At the corner of Fifth Street and Oakdale Place, at the very edge of the Howard University campus, sits a fenced-in grassy knoll. The site is across the street from the hospital and sits just outside the historic district boundary. About a year ago a sign planted on the site announced the pending arrival of new houses. The sign came down many months ago and nothing much happened. Sure, Howard mowed the lawn, but not much else happened.
On Christmas Eve, Howard University sold the two lots for $250,000 each to Bowie-based Tito Construction Company LLC and just last month DCRA issued building permits for the two lots (#B1000822 & #B1000823). Each permit states the scope of work as
BUILDING A NEW 3-FLOOR WITH A CELLAR 2-UNIT FLAT STRUCTURE.
The lots are much larger than every other lot on the block and these two two-unit houses will likely be spacious.
We haven’t written much on Howard Town Center (pictured above), but we found a good article on it at Greater Greater Washington.
Several years ago the Office of Planning released, and the City Council approved, the DUKE plan, a development framework for the U Street corridor and Howard Town Center. The section covering Howard Town Center rightly calls for development to “[e]xtend streets in an east-west system to connect the area to the center of Howard University’s campus,” specifically directing to “[c]onnect W Street on both sides.”
There are several streets running north-south in the Town Center area, but few running east-west. The purpose of this requirement is to break-up what planners call superblocks, large city blocks that tend to sap street vitality and limit neighborhood connectivity. Superblocks were popular with postwar modernist architects, but they have since been discredited as bad planning. Small city blocks, as urban observer Jane Jacobs noted, allow more paths for passing through a neighborhood and break the monotony that accompanies mega-buildings.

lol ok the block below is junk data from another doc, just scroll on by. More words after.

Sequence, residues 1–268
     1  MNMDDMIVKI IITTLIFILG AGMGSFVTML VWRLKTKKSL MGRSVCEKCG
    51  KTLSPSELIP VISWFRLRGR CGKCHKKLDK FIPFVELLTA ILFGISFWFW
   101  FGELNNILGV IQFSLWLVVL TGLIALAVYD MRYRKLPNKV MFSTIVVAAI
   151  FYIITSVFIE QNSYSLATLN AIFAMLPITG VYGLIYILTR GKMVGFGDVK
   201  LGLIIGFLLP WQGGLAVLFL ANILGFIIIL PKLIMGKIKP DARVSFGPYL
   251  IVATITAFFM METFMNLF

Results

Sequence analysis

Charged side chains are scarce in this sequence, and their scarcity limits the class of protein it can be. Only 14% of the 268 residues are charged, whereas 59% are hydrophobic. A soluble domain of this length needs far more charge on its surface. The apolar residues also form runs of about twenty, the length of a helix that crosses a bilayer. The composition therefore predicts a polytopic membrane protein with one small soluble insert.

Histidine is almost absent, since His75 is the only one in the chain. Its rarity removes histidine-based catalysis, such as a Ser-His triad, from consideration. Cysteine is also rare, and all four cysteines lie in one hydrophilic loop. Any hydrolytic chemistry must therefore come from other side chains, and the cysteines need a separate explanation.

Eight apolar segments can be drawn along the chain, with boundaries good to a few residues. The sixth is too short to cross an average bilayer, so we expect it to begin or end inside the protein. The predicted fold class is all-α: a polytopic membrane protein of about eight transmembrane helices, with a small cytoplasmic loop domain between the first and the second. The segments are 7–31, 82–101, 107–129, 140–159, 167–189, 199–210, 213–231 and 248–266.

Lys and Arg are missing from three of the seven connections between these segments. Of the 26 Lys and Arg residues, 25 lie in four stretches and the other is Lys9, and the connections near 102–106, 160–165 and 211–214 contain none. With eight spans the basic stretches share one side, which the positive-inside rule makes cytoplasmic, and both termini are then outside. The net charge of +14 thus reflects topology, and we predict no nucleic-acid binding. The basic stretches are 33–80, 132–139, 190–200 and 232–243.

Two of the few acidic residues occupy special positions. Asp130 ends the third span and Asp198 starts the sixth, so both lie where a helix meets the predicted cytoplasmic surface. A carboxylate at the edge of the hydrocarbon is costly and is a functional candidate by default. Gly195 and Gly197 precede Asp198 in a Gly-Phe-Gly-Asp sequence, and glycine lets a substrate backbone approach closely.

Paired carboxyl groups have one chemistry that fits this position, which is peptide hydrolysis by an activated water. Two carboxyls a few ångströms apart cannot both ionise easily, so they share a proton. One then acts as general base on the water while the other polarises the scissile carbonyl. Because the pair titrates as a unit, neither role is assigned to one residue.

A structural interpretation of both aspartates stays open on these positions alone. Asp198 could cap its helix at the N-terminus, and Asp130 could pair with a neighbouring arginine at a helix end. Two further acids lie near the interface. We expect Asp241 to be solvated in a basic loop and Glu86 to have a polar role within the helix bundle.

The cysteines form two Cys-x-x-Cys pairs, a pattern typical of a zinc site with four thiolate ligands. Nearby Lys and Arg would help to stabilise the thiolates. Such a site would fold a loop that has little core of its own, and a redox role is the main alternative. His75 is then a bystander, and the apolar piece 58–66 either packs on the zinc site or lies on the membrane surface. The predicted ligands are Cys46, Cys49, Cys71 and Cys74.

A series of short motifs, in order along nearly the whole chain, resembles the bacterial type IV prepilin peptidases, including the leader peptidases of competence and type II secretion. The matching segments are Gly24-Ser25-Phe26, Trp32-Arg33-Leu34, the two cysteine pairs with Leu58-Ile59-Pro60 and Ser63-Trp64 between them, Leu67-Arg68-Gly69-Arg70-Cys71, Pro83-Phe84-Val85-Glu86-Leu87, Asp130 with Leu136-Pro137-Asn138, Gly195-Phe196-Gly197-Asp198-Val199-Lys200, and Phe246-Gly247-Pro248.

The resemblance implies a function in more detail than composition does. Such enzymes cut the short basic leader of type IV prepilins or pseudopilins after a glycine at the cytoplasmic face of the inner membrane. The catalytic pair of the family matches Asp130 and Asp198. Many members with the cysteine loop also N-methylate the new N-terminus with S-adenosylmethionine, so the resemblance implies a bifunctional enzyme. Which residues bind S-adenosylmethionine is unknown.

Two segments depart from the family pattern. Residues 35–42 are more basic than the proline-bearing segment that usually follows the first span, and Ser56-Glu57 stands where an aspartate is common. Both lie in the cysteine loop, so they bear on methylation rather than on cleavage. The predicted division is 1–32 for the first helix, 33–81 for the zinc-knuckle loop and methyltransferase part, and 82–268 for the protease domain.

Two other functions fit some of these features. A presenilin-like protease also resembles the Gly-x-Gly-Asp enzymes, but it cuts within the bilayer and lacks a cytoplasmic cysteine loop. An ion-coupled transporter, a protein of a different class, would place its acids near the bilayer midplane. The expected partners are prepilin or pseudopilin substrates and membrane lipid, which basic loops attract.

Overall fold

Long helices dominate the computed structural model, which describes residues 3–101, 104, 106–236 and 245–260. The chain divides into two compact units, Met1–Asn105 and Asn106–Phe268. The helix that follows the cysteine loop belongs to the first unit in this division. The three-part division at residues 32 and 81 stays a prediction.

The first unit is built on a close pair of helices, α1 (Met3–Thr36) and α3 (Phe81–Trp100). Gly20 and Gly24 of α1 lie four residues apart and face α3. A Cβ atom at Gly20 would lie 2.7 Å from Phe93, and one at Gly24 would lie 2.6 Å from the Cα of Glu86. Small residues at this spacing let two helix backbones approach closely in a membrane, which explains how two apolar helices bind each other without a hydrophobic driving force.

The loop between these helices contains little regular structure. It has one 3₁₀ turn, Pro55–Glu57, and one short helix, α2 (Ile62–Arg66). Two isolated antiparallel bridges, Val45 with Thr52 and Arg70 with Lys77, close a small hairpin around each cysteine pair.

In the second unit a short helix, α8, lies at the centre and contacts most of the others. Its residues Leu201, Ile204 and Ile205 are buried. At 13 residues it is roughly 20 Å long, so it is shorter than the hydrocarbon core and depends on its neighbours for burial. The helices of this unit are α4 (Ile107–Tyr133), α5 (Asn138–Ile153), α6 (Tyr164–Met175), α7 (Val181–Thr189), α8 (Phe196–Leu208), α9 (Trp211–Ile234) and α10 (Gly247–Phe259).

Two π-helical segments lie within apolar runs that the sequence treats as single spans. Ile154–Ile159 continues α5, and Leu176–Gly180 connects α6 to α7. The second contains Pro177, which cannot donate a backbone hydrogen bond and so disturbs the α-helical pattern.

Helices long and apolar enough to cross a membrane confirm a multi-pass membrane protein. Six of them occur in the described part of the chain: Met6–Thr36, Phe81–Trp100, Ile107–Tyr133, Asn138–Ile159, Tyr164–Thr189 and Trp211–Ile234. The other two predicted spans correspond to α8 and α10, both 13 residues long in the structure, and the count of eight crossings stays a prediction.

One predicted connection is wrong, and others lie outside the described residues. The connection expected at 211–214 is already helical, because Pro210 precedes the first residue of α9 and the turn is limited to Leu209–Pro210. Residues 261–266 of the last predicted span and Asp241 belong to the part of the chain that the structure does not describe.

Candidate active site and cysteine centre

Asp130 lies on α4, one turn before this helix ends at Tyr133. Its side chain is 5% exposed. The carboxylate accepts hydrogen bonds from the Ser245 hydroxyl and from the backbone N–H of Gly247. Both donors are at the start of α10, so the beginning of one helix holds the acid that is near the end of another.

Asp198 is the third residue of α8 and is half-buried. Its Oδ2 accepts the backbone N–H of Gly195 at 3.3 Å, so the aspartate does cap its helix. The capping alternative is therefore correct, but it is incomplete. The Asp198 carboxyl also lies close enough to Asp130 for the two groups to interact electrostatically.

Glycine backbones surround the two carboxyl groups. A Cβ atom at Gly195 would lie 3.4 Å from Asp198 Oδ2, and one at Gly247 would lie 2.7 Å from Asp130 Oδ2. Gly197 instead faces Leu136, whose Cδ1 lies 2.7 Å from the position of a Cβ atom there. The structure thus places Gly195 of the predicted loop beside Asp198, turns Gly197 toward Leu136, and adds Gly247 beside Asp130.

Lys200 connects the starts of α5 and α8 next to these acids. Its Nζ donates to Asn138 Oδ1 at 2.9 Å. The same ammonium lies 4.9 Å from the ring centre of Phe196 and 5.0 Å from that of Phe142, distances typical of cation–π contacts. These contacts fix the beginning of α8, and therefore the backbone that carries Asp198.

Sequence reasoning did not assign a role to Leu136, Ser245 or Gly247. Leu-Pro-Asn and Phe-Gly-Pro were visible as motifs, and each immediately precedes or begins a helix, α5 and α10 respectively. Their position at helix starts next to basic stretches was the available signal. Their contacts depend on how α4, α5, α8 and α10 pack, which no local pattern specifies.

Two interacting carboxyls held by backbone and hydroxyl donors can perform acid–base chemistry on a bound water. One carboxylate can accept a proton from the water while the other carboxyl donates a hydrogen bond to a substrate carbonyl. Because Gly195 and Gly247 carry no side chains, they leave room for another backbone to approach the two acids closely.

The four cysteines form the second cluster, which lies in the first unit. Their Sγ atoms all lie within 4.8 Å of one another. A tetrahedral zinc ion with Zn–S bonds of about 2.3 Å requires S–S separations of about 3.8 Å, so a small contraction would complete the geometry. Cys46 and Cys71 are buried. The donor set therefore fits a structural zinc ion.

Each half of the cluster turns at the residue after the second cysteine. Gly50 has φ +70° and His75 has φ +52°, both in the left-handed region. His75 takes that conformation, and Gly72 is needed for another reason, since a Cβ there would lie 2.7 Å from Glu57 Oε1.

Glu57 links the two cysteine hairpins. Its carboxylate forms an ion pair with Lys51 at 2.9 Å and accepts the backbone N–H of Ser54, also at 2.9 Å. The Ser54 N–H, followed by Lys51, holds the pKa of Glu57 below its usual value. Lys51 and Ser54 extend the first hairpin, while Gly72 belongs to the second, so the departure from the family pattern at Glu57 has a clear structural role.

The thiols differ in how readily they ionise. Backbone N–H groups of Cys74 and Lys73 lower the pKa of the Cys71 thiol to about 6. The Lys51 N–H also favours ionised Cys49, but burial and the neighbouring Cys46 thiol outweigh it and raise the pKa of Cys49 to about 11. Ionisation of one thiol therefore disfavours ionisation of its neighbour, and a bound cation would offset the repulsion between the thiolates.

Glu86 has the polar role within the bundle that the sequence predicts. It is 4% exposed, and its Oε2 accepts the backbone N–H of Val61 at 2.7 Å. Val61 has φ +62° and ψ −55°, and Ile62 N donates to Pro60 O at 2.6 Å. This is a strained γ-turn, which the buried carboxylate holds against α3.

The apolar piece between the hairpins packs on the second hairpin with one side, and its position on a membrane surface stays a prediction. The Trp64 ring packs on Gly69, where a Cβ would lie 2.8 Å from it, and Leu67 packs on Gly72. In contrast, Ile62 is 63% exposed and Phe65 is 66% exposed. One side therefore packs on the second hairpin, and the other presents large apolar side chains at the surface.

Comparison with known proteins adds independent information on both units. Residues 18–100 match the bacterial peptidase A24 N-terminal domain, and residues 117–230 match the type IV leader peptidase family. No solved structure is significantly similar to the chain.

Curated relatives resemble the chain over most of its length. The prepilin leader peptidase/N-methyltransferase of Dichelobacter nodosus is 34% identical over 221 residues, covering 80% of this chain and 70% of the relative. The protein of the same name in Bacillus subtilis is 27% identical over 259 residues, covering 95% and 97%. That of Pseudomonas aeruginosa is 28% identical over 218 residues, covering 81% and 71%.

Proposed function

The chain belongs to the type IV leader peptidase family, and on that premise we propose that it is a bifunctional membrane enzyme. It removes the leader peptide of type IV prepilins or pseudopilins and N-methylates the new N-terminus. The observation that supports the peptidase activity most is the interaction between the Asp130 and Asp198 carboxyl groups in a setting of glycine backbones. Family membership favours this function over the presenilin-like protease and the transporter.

Though the initial plan by CastleRock Partners for the Phase I Site would bring a grocery store and housing, the Greater Greater Washington article notes that the CastleRock plan violates the east-west connectivity guideline of the DUKE plan in that it proposes placing a garage ramp where W Street should be.
Connecting the isolated sections of W Street would enhance access between LeDroit Park and the U Street corridor and the CastleRock proposal disregards this goal of the DUKE plan. Despite this, we will still be glad to shop at the grocery store once that opens up. Groundbreaking is set for next fall.
Howard University is seeking neighborhood input for its campus master plan. The university is planning to work with private partners to develop the parcels it owns between Georgia Avenue and Ninth Street. Currently, the plan is for a town center development with housing and shops, including a grocery store.
Nonetheless, there are Howard-owned properties in LeDroit Park and in other neighborhood and the university would like community input.
Take the survey and give the administration your two cents.
In our survey response, we wrote that encouraging the presence of a grocery store would benefit residents and students alike.
One of our favorite local restaurants is the feature of a story in today’s Post. Eatonville, at 14th & V Streets, is inspired by the life and literary works of Zora Neale Hurston, who grew up in Eatonville, Florida, and was one of the leading figures of the Harlem Renaissance. Hurston spent a few years in Washington attending Howard University, where in 1924 she co-founded The Hilltop, Howard’s student newspaper.
Her most famous work is her 1937 novel Their Eyes Were Watching God, which frequently makes the lists of best twentieth-century American novels. In addition to writing fictional works, she was also a folklorist, collecting tales from rural black communities in the South and in the Caribbean, publishing them in Mules and Men and other titles and incorporating the tales into her novels.
Early this summer we read a fascinating essay on Hurston, who lived a highly unconventional life: she lied about her age (she was 26 going on 17) to get into Morgan State to get her high school diploma. She eventually transferred to Howard and then to Barnard College for her undergraduate degree.
She deplored racism and Jim Crow but also criticized the New Deal and the Brown v. Board of Education decision.
She died in poverty in 1960, leaving a trail of novels, plays, folktales, academic research, and journalistic work; like many great cultural icons, her fame and acclaim increased long after her death.
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The restaurant Eatonville is an homage to Hurston’s life and work. The food is decent and reasonably priced (especially for Washington) and the commissioned murals warrant a viewing even if you’re not hungry.